Nicolas Henri Jeaurat de Bertry

Nicolas Henri Jeaurat de Bertry (28 July 1728, Paris - after 1796, Vermenton) was a French painter who specialized in still-lifes. It is not clear how he acquired the name "De Bertry", although it was likely done to make him appear to be a member of the nobility.

Kitchen Still-life with Poultry, Vegetables and Bread
Bust of Woman by a Wicker Basket Filled with Music

Biography Edit

He was the son of Edme Jeaurat, engraver to the King, and studied art with his uncle, the painter Étienne Jeaurat. he established his reputation creating still-lifes, inspired by the work of Jean-Baptiste-Siméon Chardin, although some critics felt that his work was rather dry and crude by comparison.[1] Nevertheless he was chosen, by voice vote, to be named an Academician and a professor at the Académie royale de peinture et de sculpture on the same day in 1756. His reception pieces depicted the odd contrast of cooking utensils and military trophies.

The following year, he made a presentation at the Salon that featured musical instruments as allegories of war and science. This was reviewed quite favorably by the Mercure de France.[2] Some works from that period, previously attributed to Chardin or Henri-Horace Roland Delaporte, have since been reassigned to him.

In 1761, he was named painter and personal pensionary to Marie Leszczyńska, the Queen Consort.[3] He left Paris to live in Versailles and remained there until the Queen's death in 1768. That same year, he was awarded a 400 Livres annual gratuity, in recognition of his services in providing amusement for her.[4] He then returned to Paris. During the Revolution he painted mostly portraits (some with satirical intent) as well as allegories on the Tricolor, pyramids and the Masonic Eye.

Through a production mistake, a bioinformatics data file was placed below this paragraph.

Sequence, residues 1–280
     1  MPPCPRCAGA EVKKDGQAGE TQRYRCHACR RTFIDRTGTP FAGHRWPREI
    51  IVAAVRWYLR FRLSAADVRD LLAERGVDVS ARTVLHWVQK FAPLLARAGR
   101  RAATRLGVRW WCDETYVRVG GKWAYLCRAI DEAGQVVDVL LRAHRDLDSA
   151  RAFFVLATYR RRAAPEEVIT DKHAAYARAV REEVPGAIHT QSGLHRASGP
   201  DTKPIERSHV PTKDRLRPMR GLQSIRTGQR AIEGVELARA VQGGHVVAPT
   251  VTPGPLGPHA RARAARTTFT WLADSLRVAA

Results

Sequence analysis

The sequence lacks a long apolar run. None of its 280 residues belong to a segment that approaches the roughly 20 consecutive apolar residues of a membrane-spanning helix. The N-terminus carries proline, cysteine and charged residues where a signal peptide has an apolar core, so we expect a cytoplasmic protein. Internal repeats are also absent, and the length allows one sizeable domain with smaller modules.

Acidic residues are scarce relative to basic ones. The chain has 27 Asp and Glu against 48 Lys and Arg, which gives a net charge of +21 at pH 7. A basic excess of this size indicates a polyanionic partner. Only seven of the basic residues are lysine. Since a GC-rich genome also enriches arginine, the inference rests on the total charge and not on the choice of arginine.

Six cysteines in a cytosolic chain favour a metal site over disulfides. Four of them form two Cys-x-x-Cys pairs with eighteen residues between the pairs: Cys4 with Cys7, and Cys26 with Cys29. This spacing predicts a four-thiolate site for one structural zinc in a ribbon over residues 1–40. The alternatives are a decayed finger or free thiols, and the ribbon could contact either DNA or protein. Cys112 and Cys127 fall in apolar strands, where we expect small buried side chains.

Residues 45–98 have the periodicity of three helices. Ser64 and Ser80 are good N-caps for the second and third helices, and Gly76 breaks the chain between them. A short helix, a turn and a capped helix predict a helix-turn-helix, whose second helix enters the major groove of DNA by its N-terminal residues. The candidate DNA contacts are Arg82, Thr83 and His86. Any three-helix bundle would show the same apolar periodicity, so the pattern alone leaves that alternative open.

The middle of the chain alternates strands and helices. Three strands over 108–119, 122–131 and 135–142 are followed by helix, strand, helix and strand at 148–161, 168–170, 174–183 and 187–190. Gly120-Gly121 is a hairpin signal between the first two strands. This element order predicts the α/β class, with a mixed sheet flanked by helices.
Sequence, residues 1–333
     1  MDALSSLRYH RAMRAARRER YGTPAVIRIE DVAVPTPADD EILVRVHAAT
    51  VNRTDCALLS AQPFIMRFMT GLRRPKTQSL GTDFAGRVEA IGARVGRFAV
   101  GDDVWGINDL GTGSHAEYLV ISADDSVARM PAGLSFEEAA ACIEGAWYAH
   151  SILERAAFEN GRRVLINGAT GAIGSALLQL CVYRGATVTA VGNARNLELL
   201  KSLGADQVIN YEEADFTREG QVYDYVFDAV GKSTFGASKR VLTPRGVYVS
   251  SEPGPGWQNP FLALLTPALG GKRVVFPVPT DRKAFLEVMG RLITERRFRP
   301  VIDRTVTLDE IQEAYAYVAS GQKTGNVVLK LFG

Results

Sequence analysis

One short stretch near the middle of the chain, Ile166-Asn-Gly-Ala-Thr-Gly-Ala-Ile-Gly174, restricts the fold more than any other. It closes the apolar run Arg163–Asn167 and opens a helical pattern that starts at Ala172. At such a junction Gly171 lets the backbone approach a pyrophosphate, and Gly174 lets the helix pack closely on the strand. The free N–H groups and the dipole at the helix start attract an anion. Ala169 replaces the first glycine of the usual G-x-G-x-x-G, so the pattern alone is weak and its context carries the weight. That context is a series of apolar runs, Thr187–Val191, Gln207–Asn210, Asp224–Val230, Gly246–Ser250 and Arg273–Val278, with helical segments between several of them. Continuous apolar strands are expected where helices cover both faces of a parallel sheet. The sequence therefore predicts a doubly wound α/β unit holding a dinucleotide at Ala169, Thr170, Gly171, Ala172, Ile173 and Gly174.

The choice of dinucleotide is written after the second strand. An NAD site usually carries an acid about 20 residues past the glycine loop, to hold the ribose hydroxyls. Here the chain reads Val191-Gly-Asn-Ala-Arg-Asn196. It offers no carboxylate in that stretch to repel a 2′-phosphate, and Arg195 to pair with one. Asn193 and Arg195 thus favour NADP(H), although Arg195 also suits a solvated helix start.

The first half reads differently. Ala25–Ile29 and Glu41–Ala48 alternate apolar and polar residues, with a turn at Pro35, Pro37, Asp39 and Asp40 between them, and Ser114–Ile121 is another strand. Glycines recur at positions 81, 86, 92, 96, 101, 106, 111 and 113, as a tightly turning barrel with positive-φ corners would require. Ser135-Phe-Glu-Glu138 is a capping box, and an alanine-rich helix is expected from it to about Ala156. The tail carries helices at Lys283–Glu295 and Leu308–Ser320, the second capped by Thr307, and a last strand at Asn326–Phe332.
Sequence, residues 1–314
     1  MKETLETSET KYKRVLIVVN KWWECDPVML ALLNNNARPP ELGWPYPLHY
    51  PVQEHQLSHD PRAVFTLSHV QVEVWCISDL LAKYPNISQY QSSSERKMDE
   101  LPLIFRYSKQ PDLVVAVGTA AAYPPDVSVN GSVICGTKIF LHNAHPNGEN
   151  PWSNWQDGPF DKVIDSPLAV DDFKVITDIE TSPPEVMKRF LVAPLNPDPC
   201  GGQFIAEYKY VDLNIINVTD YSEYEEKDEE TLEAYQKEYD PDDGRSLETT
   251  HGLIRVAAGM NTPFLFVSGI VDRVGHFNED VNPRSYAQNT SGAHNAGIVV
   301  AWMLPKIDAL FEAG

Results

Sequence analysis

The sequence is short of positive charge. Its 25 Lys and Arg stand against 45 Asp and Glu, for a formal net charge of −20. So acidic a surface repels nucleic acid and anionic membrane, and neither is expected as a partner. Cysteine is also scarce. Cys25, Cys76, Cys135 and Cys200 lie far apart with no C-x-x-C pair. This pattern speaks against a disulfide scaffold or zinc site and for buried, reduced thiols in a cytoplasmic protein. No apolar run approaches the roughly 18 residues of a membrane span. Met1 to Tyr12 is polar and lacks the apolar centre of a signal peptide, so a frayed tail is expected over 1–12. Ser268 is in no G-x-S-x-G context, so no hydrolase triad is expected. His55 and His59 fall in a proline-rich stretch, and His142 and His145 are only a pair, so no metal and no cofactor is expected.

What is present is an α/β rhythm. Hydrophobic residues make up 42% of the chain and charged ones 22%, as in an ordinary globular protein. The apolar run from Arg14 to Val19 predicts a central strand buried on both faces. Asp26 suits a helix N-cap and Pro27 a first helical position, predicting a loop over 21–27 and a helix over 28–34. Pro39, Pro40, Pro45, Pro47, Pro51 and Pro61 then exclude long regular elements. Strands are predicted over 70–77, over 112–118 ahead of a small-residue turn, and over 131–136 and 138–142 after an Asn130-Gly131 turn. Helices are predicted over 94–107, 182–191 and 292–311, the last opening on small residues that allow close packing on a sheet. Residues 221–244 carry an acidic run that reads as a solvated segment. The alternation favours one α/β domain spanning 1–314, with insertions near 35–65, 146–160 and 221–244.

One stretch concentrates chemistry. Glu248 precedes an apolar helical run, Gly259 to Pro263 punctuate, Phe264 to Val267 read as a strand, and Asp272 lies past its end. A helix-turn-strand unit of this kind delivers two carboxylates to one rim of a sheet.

In 1792, at a loss for appropriate lodgings, he requested permission to take over the rooms that had been left vacant by the death of his colleague, Nicolas Guy Brenet.[5] This request must have been refused because, later that same year, he made a similar request for he former apartments of Gabriel-François Doyen, who had been invited to Russia. This was denied on the grounds that he had been little more than a copyist for thirty years and had not been promoted at the Académie.[5]

The last known record of his existence was an exhibition at the Salon in 1796.[6] After that, he apparently retired to his father's hometown, to live with relatives.

References Edit

  1. ^ Théodore Lejeune, Guide théorique et pratique de l’amateur de tableaux, étude sur les imitateurs et les copistes, Vve J. Renouard, 1863-1865.
  2. ^ Le Mercure de France. online
  3. ^ Adolphe Siret, Dictionnaire historique et raisonné des peintres de toutes les écoles depuis l’origine de la peinture jusqu’à nos jours, Les principaux libraires, 1883
  4. ^ Bulletin de la Société de l’histoire de l’art français, Paris, F. de Nobele, 1875
  5. ^ a b Alexandre Tuetey, Répertoire général des sources manuscrites de l’histoire de Paris pendant la Révolution française, Imprimerie nouvelle, 1902 Online @ Google Books
  6. ^ Société de l’histoire de l’art français, Nouvelles Archives de l’art français, Dir. Henry Jouin, Charavay frères, 1888

External links Edit